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[greenyes] Water Bottle Story on CNN, Monday, June 2, 2003
apologies for cross-postings

The California Department of Conservation's Water Bottle story will be on
CNN Headline News this afternoon starting at 12:40 PT, 1:40 PT and 2:40 PT.
This piece includes an interview with Darryl Young, Director of the DOC,
highlighting a potential environmental problem as billions of water bottles
are tossed in the trash instead of the recycling bin. 

After this story broke Wednesday, May 28th in the Los Angeles Times, this
issue has continued to gain national attention. We have attached the
original press release if you would like to gain recognition for this issue
with your local media. Please contact Mark Oldfield or Ed Wilson at the
California Department of Conservation at 916-323-1886 if you have any

New Report Cites Potential Crisis as Billions of Water Bottles Tossed In

SACRAMENTO, CA - An on-the-go society combined with masses of health
conscious consumers has turned the single serve bottle of water into a
national icon. Now, according to a report released today by the California
Department of Conservation, billions of these empty "icons" are causing
serious environmental problems.  
According to the report, more than 1 billion water bottles are winding up in
the trash in California each year. That translates into nearly 3 million
empty water bottles going to the trash EVERY day and an estimated $26
million in unclaimed California Refund Value (CRV) deposits annually. If
recycled, the raw materials from those bottles could be used to make 74
million square feet of carpet, 74 million extra large T-shirts or 16 million
sweaters, among other things. 
Instead, they are swallowing landfill space, increasing air pollution and
destroying the ozone layer. 
"The sight of a water bottle in someone's hand has become as common as a
cell phone," said Darryl Young, Director of the California Department of
Conservation. "In California, one is usually in the right, and the other is
in the left. What people don't realize is that these water bottles are
recyclable and have detrimental environmental impacts if thrown in the
With their popularity increasing and summer right around the corner, single
serve water bottles are poised to cause even greater environmental concerns
if recycling rates go unchanged. According to the report, only 16 percent of
polyethylene terephthalate (PET) water bottles sold in California are being
recycled. At that rate, the amount of water bottles thrown in the trash ten
years from now would be enough to create a two lane, six-inch deep highway
that stretches the entire coast of California. 
The bottles also present significant air pollution concerns as many are
incinerated with regular trash. Anyone who has seen a plastic bottle melt
knows of the toxic smoke and fumes it can create. These fumes not only pose
health risks, they create "green house gases" that attack the ozone layer. 
"What's most discouraging is that these empty water bottles can be recycled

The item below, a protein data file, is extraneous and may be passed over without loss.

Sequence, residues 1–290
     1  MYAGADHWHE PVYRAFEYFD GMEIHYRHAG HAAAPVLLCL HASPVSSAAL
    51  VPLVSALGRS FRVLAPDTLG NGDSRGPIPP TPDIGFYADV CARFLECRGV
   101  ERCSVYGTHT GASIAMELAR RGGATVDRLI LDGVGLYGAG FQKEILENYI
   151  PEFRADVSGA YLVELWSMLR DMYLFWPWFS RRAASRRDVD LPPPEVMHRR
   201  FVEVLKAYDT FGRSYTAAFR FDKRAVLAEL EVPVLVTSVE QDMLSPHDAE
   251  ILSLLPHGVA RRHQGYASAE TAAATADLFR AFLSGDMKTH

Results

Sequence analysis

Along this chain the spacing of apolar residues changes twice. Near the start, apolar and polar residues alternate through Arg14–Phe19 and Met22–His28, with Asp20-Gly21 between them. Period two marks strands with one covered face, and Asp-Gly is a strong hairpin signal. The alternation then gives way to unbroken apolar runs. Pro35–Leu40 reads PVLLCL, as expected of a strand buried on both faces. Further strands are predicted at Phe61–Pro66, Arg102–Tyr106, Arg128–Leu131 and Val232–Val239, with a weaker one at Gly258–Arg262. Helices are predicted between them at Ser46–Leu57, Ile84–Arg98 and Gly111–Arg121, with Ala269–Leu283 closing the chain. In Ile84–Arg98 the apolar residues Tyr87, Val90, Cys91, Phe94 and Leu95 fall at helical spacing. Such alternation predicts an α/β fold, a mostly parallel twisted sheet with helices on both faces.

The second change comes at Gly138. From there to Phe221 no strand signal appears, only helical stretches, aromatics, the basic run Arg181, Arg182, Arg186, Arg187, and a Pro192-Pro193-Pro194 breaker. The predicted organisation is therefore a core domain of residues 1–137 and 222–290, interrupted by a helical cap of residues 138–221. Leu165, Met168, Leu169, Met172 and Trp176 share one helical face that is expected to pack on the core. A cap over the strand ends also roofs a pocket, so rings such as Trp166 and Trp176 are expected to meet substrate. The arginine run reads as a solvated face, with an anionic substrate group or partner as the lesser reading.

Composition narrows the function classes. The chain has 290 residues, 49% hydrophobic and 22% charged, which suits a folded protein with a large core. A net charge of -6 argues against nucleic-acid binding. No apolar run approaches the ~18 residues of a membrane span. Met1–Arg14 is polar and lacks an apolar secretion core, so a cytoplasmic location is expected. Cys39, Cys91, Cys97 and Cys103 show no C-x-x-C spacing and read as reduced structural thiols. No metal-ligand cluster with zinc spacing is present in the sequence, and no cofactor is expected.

and used for 
so many things," continues Young. "Recycled PET water bottles can be used as
raw material to make products like sweaters, carpet, t-shirts, and even
products for the home." 
Young feels the growing problem could be solved with a small amount of help
from consumers. "The real challenge is making people aware that their water
bottles are recyclable and convincing them to hold onto them until they can
be recycled - especially when it isn't always convenient. In the end, the
small extra effort could help avert a big environmental problem." 
Young encourages consumers to ask for recycling. "If your local gas station
or convenience mart doesn't offer a recycling bin, ask them to put one in.
If there's not a recycling program at work, start one up. Most important,
hold on to that container until you can recycle it." Consumers can call
1-800-RECYCLE (California only) or visit
<> to learn about the nearest recycling center
or how to start a recycling program at work. 
California is one of 10 states with a beverage container-recycling program
based on a minimum deposit or value placed on beverage containers. The
Department of Conservation administers the California Beverage Container
Recycling and Litter Reduction Act, which became law in 1986. The primary
goal of the act is to achieve and maintain high recycling rates for each
beverage container type included in the program.
Consumers pay CRV (California Refund Value) when they purchase beverages
from a retailer.  The deposits are refunded to consumers when empty
containers are redeemed through local recycling centers. CRV is also
refunded to those who operate curbside programs or pick up recyclables from
bins located in public venues such as parks, beaches and sporting events. 
In addition to promotion of the state's beverage container recycling
program, the Department of Conservation administers programs to safeguard
agricultural and open-space land; regulates oil, gas and geothermal wells in
the state; studies and maps earthquakes, landslides and mineral resources;
and ensures reclamation of land used for mining.

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